Pajamas and Anxiety

In my old blog, I talked about pajamas a lot. The thing is, I live in pajamas. It has nothing to do with depression, I just love pajamas. I started wearing pajamas out and about because I realized anxiety doesn’t get as bad if I feel comfortable in my clothes. I mean, anxiety makes you uncomfortable in your own skin, so why not surround that uncomfortable skin with softness and loose clothings?

It started with wearing pajamas to Wawa when I’d get my daily coke and smokes. Admittedly, it was laziness that started the trend, but a wisdom emerged. No one noticed me. No one gave me funny looks or started discussing me covertly. I would just get my coke and smokes. I began seeing how far away I’d be willing to go in my pajamas, because I used to not really like leaving my house. I used to work from home, so I never actually needed to get dressed.

Anxiety always tells me how everyone is looking at me. I project my own self criticism and judgement on random strangers. I think the biggest lie of anxiety is if you worry about it, you’ll be better prepared when the worst happens. The truth is: when you inevitably prove yourself right, you still feel like crap. Pajamas helped me realize no one looks at me. Everyone else is busy buying hoagies, cigarettes, or sodas. I’m literally another random face in a crowd of faces.

Recently, I went kayaking in my pajamas. I was weirdly anxious about kayaking because I guess anything new is imminent danger as visions of me falling in the lake danced through my head. Legitimately, I just forgot to get out of my pajamas and put on suitable clothes for kayaking. But kayaking in my pajamas showed me again it doesn’t matter. Everything that buzzes around my noisy brain is just noise. I didn’t fall in the lake, and lightweight PJs are delightful on a hot day on the lake.

I don’t know that Jesus was necessarily directing people to wear pajamas when he said to give no thought to your raiments, but it’s great advice. It doesn’t matter what I’m wearing, nobody cares. Anxiety cares, but I am more than my raiments and I am more than anxiety too. Every time I challenge the thoughts in my head with reality, I see how meaningless thoughts are.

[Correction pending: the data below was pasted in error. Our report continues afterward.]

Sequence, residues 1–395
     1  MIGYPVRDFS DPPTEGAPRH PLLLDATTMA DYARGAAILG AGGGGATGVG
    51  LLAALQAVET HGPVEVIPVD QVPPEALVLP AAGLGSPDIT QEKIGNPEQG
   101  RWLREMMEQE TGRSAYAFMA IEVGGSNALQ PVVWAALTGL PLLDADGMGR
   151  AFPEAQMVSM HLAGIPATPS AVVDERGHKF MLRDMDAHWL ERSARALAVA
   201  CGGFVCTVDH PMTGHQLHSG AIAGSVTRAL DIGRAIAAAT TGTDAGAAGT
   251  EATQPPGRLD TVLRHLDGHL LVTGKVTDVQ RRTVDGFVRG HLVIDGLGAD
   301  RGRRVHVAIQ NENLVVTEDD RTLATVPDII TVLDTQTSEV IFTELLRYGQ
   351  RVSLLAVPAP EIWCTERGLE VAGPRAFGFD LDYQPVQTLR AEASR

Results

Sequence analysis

Anxiety is hyper self focus projected on to others. It feels like all eyes are on you even when no one sees you. One of my biggest fears used to be driving, and part of it was I thought everyone was criticizing my driving and watching me. It wasn’t until I forced myself to drive 5 hours north to Long Island and sit in New York traffic that I realized I am driving like everyone else. I’m just another person contributing to traffic.

The cool thing about anxiety is, if you can shift your focus, you can be one of the most compassionate people in the world. Anxiety boils down to stories we tell ourselves about ourself and others. I tell myself someone thinks I’m an idiot or whatever. What I can also do is step outside of myself and tell stories about other people. Maybe the person honked at me not because I suck but because they’re late for work and could get in trouble. Maybe the person passing me in Wawa is having a bad day and I can say hello and smile instead of looking at the ground and shuffling.

Anyone can apply all the creative thinking anxiety creates to actual creativity. I wouldn’t have done this pajama experiment otherwise and it helped me. I wouldn’t have had the idea to road trip to my best friend if I wasn’t terrified of driving. When anxiety is all self directed, it feels like a weight on your mind and chest. It’s like wearing a cement dress in a sprint. But, if that intense self focus can be redirected, it’s kind of a super power in understanding other people. You’re more sensitive because you know how hard it is to feel comfortable in your own skin.

The creativity we use to lie to ourselves can be applied to challenging our thoughts and perceptions. It can also be used to be a better person. Our minds don’t know the difference between expressive creativity and oppressive creativity. We can always change the track in our brains, and we can find the good in every challenge and situation. I’m not trying to say just think positive, that’s another oppressive creativity. I am saying: find the ways to be yourself and express yourself. So much of our anxiety is actually repressed emotion and expression. All the things we could have or should have pile up in our minds and manifest with sweaty palms, racing thoughts, and crazy heart pounding.

It takes a bit of effort and practice to start questioning your thoughts. Some struggle to even recognize the thoughts are present. I’ve found, though, the more I hold my head up, look into peoples’ eyes, smile, and say hello: I’ve seen a lot of people smiling back and not laughing at me. Our brains lie to us. Our brains do not connect us with reality, because reality isn’t words. It’s experience. Reality is walking around in pajamas because I’m teaching myself to always be comfortable in my own skin and sometimes I need Santa Claus jammies to do it. One milestone at a time.

(And of course, if pajamas are inappropriate for the occasion, there’s always yoga pants…)

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